Spending time with your children is one thing most people would agree is important for both moms and dads.
In this difficult economic time, with so many families where both mom and dad have to work, time for family and children is something most people would enjoy more of. Why then does our thinking change when mom and dad are no longer together? In the majority of situations where mom and dad are not together, mom typically has more time with the child and dad gets scheduled in with what the courts call “parenting time.”
What exactly is “parenting time?”
It is the legal right of either parent to have time with their child on a consistent basis.
This should be something that parents want to give their children, but that is often not the case. Now, we are speaking in generalities, and every case has its own story, but in general dad is the one who gets limited time with the children and is often at the mercy of the mother to see his children.
It is difficult for some families to navigate this issue on their own and so the courts get involved; both to dictate who gets what amount of time and who gets what amount of money. This is where wires get crossed, because the two appear to be linked … “pay your child support and get to see your child.”
We are in full agreement that parents, both moms and dads, need to support their children, but whether or not a parent can pay their child support, they still have a legal right to see their children. And, let’s be honest: If a dad gets to see and spend time with his children, isn’t he more likely to support his children?
All the experts agree that children who get to spend time with their fathers fare better overall. This is not to say that children whose fathers are unavailable cannot thrive, but when a dad is available and wants to be involved in his child’s life, that child will benefit. Men and women approach tasks with their children differently and children benefit from these differences.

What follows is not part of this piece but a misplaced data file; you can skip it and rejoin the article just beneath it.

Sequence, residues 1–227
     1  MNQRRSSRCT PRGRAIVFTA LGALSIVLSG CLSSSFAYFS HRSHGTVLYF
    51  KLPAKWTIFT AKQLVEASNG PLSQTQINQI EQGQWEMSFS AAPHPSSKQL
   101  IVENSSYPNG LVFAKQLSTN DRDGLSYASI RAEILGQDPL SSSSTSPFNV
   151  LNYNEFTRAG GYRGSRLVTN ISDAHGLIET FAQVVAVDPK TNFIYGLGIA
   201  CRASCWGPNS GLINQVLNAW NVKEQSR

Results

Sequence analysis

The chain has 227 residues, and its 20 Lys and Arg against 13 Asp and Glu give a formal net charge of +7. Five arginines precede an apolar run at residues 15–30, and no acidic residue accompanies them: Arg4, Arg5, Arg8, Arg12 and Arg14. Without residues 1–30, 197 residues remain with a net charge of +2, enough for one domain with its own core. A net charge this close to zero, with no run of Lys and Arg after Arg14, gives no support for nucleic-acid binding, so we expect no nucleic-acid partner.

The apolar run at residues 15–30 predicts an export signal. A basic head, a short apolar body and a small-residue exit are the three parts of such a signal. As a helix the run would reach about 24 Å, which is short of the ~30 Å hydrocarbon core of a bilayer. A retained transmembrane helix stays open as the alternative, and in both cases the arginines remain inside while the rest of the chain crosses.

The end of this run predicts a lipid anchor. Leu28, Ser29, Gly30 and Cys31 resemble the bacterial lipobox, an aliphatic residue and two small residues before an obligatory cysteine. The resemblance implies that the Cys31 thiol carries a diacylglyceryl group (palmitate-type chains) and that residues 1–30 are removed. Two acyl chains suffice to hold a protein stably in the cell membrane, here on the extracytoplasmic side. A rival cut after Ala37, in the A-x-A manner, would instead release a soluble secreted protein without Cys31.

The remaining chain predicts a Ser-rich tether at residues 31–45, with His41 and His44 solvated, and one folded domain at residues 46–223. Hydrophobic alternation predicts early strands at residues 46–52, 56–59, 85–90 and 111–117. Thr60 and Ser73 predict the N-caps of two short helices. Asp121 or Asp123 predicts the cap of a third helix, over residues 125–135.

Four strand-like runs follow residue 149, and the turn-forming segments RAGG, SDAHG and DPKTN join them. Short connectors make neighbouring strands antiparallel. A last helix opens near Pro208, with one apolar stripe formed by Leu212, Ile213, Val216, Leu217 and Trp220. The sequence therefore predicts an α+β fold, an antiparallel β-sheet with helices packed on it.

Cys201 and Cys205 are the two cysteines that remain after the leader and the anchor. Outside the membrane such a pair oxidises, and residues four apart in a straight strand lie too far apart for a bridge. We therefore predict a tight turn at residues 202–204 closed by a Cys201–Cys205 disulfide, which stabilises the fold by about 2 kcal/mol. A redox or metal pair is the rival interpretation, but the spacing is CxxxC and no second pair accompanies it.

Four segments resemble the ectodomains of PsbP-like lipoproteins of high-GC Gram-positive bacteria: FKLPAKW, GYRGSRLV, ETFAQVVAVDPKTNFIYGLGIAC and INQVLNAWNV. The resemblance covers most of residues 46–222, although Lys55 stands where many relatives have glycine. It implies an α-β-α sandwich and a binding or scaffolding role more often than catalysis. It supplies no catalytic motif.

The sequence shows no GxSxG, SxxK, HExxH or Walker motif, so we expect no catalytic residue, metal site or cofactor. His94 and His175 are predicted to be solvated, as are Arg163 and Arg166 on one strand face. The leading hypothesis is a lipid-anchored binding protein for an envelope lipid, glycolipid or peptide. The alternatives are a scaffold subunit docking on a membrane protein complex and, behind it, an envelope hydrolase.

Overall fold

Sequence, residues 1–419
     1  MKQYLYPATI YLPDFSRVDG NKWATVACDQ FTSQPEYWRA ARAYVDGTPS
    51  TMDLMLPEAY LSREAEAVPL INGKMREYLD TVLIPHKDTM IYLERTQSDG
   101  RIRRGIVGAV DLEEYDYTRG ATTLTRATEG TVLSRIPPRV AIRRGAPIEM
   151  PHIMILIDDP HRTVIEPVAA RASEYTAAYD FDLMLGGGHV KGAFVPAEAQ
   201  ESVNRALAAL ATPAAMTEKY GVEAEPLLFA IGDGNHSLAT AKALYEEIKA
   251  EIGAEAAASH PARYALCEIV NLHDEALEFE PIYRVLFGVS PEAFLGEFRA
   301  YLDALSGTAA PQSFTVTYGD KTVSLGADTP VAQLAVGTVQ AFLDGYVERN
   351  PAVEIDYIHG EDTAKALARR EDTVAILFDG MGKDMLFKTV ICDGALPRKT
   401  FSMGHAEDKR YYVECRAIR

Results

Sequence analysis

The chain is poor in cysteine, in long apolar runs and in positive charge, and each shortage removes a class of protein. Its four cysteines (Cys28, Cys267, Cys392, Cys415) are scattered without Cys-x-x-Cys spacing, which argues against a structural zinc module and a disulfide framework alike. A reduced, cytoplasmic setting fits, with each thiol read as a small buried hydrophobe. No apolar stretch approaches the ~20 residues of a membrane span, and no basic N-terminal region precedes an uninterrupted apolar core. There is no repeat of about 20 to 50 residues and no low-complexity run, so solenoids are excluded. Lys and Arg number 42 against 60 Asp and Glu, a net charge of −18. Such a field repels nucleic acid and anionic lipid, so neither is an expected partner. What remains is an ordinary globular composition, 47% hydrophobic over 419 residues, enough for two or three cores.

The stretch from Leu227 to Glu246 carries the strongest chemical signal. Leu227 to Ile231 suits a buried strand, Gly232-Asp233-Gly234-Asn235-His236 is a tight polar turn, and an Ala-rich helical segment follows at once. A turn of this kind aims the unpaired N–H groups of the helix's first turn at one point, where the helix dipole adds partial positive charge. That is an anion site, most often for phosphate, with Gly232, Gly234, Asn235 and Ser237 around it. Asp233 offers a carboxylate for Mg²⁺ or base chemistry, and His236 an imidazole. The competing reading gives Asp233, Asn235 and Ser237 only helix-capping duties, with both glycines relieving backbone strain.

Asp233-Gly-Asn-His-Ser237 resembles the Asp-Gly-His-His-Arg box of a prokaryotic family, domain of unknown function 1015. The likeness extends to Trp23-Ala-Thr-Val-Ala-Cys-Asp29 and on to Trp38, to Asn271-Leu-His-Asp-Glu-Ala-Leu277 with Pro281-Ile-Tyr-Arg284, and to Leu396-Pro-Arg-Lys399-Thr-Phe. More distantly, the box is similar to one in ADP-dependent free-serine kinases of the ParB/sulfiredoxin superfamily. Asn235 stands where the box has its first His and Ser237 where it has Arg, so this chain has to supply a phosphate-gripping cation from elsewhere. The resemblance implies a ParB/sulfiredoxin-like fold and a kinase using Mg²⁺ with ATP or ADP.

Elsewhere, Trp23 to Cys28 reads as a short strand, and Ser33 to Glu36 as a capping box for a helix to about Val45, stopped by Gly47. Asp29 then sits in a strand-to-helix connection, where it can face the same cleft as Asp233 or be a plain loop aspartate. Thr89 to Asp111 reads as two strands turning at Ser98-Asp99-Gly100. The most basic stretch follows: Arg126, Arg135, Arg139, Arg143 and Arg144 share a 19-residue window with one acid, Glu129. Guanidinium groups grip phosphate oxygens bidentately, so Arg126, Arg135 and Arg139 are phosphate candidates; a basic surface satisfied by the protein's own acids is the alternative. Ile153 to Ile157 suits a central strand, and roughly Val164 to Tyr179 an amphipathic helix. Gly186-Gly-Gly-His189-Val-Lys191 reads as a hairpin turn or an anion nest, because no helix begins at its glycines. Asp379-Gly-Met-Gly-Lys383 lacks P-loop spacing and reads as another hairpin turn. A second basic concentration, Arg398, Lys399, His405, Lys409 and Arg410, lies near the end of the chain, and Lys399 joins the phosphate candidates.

The Fatherhood Initiative, offered through the Department of Human Services, recognizes that navigating parenting time rights and child support obligations are difficult for both moms and dads, and in order to address this, a free workshop is offered that deals with legal rights to parenting time, as well as what the courts expect when it comes to child support payments.
This free legal workshop is offered every other month and is open to anyone interested. Local attorney Jerry Venn runs the workshop and works to answer all questions.
The next workshop will be held March 23 at 6 p.m. at the elementary school.
The Fatherhood Initiative works to provide information and assistance to fathers in Archuleta County. The fatherhood advocate, John Vick, has many programs for fathers, including workshops on money management, employment mentoring and resource building, a GED program and emergency housing advocacy.
These services are available to all eligible persons, regardless of race, gender, age, disability or religion.
For further information about any of these programs, contact John Vick at 264-2182.